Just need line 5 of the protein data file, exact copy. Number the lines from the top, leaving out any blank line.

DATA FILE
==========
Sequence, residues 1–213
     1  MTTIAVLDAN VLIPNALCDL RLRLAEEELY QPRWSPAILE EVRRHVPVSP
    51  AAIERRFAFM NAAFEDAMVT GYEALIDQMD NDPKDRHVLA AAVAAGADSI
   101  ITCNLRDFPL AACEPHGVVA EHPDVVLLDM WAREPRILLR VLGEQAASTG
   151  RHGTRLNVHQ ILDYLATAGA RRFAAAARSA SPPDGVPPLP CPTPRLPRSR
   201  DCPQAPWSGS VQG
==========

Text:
   151  RHGTRLNVHQ ILDYLATAGA RRFAAAARSA SPPDGVPPLP CPTPRLPRSR